How To Pick The Best Swim Fabric

Swimsuits are made of many different fabrics, and it’s important to find the right swim fabric for your body type. The first question you should ask yourself is: “What does this fabric do?” Some swimsuit fabrics help reduce friction (rash-free), some dry faster; some make you look like a million bucks, some are sun safe. Knowing what you want your suit to do will help narrow down the field of swim fabrics.

Most swimsuits are made out of nylon, polyester, or spandex/lycra blends. Polyester is great for water-resistant swim fabric, and nylon dries fastest but is very allergenic. Spandex/lycra is a stretchy fabric that allows you to move without restriction and fits a wide variety of body types.

Spandex is usually more expensive but will last far longer than the less expensive polyester or nylon swimwear fabrics. These are great for beginners looking to pick up their first suit.

Following are some categories of swim fabric and their varying characteristics:

RASH-FREE SPORT FABRIC — This type is fast-drying, lets you move freely in the water, stretches with your body but has a little bit of surface drag. It will not pill, shrink or fade. For maximum sun protection, choose a fabric with a 50+ UPF.

TYPES: nylon/spandex and nylon/lycra blends

Commonly found in: most technical, high-performance suits for triathletes, water polo or surfing; racing swimsuits; long-distance open water swimwear; snorkel suits. If you’re looking for a suit with sun protection, look for one of these swim fabrics.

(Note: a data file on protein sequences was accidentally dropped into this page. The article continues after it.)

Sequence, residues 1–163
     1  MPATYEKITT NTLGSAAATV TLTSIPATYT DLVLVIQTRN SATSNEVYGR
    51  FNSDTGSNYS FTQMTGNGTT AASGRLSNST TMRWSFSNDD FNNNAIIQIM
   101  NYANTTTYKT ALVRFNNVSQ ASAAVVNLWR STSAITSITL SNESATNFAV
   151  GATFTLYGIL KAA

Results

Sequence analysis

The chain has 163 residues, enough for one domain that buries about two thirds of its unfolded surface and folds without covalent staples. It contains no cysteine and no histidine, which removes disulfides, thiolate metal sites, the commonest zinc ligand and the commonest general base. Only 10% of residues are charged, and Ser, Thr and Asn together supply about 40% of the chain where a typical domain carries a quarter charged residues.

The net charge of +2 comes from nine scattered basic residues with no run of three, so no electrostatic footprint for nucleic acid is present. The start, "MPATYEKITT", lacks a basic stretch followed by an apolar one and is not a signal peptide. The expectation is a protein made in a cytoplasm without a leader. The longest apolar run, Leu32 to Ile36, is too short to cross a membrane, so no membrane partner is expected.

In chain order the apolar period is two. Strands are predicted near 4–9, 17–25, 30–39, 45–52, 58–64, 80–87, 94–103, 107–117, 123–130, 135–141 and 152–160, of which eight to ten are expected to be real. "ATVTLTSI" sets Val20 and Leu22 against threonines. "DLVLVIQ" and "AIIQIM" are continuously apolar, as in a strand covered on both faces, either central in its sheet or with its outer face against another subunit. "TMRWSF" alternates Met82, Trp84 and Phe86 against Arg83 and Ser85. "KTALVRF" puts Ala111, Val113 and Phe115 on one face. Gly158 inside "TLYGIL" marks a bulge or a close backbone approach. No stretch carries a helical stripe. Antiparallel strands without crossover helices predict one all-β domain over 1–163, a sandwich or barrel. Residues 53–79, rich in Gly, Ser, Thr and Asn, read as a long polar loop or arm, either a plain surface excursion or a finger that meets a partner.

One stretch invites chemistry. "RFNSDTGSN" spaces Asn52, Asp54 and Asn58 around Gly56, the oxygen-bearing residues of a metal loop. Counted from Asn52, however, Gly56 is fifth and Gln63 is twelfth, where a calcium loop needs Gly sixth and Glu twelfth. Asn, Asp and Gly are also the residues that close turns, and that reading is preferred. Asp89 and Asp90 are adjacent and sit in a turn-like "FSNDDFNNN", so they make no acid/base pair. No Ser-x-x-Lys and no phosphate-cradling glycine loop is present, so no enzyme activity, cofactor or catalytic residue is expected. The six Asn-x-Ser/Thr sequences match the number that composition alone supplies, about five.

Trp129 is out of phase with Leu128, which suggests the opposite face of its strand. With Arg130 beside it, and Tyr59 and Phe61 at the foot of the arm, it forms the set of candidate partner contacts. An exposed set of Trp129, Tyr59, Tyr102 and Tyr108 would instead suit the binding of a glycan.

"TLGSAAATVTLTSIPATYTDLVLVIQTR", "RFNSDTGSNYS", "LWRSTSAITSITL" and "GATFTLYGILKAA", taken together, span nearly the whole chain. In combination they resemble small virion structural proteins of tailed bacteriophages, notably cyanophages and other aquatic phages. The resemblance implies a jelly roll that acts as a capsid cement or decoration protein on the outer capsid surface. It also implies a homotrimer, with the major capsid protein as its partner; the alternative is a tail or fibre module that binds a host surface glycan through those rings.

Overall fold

RASH-FREE RACER FABRIC — This is the same as above but has an added layer of polyester inside to help reduce skin to fabric friction. If you have sensitive skin or are prone to rashes, then this will be your best choice.

TYPES: nylon/spandex and nylon/lycra blends with polyester inside lining.

Commonly found in racing swimsuits, long-distance swimwear, triathlon suits. For a suit with sun protection, look for one of these swim fabrics.

DURABLE FABRIC — This fabric is hardwearing, will not pill nor fade, and dries super fast. It has a bit more surface drag than the above rash-free fabrics, but it has an even stronger inner polyester lining to reduce skin to fabric friction.

TYPES: Nylon/polyester or nylon/spandex blends with polyester inside lining.

Commonly found in training and fitness swimwear, water polo, and competitive swimming suits. For a suit with sun protection, look for one of these swim fabrics.

SOFT FABRIC — This fabric feels like silk to the touch and is usually used for luxury loungewear or elegant cover-ups. It is usually very expensive and best for sun protection.

TYPES: Nylon/spandex or nylon/lycra blends with polyester inside lining.

In conclusion, if you are looking for sun protection, look for one of the above three fabrics. If you are looking for a high-performance suit (or if you suffer from skin allergies), try nylon/spandex or nylon/lycra blends with 50+ UPF and an inner sand proof lining. And for luxury and elegance, choose a soft fabric like nylon/spandex or nylon/lycra with polyester inside lining.

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